Afterward, the new council members, who will be sworn in Jan. 11, met with the council’s deputy clerk to discuss setting up their public email and cellphone accounts, to make plans to attend the Police Jury Association of Louisiana’s Jan. 13 orientation for newly elected officials and to get copies of the charter, agenda-setting and office procedures, and lists of appointed boards.
The Livingston Parish Chamber of Commerce also hosted a meeting for the new council members in early December.
“The chamber brought in a spokesman from the Sheriff’s Office to talk about the relationship between the council and the detention center, how it’s full to capacity and where the funding comes from, and what direction we’ll need to take in the future to meet growing demand if the jail has to take in more people,” Wascom said. “We talked about that for several hours.”
Parish legal adviser Chris Moody, who had a schedule conflict with Ricks’ breakfast meeting, came in toward the end of the chamber-hosted function to talk to the new council members about their legal duties under the charter.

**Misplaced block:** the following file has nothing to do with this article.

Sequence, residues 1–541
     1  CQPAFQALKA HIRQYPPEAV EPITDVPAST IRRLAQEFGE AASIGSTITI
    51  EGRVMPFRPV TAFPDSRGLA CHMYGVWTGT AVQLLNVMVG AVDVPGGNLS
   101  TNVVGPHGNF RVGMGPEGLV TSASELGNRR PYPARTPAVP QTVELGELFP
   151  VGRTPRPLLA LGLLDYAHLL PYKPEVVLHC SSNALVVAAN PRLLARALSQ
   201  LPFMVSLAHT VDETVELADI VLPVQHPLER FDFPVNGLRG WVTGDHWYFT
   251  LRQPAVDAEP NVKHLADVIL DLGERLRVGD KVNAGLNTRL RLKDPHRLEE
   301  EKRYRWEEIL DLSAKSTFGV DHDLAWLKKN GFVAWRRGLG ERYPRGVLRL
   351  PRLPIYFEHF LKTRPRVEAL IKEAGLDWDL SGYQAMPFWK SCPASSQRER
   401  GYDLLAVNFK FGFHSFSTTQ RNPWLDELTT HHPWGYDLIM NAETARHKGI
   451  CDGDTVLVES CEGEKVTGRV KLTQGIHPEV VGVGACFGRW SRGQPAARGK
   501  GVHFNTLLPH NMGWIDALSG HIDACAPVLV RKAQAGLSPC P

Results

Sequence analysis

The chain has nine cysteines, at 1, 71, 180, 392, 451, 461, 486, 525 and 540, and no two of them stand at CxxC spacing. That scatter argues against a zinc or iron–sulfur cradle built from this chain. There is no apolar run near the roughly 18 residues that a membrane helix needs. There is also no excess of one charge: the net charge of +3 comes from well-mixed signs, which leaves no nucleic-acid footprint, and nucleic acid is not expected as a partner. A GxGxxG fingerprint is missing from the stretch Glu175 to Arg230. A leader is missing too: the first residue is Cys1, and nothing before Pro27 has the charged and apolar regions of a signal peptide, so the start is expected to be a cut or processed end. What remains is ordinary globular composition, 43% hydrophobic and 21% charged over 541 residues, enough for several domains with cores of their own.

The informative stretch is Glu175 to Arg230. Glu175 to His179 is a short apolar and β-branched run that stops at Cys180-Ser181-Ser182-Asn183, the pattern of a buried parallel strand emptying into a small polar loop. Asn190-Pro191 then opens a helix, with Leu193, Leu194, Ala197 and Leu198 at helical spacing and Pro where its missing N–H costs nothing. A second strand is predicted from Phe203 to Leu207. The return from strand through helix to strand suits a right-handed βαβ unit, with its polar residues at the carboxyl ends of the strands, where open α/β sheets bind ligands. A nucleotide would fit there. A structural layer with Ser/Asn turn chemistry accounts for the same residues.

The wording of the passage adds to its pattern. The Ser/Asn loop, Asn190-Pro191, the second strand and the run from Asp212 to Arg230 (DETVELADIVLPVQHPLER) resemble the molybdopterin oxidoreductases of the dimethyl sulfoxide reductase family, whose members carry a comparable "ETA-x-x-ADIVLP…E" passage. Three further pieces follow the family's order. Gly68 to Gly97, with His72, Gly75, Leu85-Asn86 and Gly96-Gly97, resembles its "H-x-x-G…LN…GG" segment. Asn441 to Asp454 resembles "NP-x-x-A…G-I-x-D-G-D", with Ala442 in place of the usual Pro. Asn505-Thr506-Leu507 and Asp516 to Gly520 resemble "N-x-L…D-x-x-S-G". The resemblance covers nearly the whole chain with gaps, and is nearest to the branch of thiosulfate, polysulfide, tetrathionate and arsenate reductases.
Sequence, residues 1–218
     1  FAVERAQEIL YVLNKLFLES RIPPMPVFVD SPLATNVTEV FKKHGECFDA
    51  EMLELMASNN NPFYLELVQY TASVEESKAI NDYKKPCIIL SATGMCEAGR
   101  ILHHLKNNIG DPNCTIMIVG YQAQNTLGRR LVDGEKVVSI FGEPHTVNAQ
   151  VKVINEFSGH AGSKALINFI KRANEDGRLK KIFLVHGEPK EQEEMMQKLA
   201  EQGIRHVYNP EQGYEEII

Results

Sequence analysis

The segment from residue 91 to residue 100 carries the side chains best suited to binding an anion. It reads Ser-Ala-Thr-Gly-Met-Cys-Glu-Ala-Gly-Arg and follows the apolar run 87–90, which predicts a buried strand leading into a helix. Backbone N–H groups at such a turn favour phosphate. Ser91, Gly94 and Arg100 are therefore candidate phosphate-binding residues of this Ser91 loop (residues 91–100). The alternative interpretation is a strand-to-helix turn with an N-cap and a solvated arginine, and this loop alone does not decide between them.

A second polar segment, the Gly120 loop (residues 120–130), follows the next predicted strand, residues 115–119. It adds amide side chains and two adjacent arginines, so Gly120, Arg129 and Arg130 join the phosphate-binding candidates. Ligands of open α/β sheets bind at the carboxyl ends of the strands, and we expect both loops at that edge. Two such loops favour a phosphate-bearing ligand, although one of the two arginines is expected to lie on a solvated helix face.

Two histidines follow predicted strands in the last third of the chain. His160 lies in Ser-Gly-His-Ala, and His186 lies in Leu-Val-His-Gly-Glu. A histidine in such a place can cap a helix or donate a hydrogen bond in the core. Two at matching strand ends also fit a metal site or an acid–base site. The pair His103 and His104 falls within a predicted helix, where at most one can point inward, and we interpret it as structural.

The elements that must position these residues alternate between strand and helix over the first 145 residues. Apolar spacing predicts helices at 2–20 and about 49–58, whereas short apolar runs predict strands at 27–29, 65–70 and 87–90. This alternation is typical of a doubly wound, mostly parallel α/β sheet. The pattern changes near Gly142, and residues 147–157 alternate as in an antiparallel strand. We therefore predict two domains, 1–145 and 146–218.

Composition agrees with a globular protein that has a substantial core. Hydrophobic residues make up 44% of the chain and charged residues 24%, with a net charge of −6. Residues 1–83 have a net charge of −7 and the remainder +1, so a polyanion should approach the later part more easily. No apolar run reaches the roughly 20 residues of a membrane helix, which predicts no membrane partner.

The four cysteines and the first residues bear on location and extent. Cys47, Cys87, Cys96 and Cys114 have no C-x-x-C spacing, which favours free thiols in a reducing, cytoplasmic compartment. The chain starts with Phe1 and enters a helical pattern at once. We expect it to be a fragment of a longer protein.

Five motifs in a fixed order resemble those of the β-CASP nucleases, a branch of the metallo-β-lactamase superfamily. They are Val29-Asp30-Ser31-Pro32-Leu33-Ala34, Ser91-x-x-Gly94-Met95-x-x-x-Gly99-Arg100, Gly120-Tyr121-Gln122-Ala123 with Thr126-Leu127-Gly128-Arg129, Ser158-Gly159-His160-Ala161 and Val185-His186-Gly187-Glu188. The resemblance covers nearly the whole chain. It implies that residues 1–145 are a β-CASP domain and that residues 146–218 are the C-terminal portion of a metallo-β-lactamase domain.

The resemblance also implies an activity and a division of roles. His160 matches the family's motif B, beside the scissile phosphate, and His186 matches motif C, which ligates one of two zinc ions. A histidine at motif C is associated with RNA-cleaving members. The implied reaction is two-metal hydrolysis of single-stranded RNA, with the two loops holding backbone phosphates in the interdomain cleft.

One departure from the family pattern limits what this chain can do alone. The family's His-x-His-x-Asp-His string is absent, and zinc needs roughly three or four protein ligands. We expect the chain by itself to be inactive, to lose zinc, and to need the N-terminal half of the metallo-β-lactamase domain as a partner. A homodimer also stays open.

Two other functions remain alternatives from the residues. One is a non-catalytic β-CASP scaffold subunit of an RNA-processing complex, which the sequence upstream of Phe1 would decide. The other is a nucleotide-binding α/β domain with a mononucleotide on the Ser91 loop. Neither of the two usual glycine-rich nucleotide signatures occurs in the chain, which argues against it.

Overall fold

“He laid out a clear path so that we understand our roles as the legislative branch, versus Layton and his administration as the executive branch,” Wascom said. “The council members asked questions about the legalities of different things, and Chris just did a great job of clarifying things so we can move forward and work together without getting in each other’s way.”
Moody said he spent about an hour “hitting the high points” of the council members’ legal duties, ethical obligations, meeting protocol, ordinance procedures and state law requirements for the parish’s road overlay program. They also discussed the fee structure for his services, which are provided under an agreement among Moody’s firm, the 21st Judicial District Attorney’s Office and Ricks.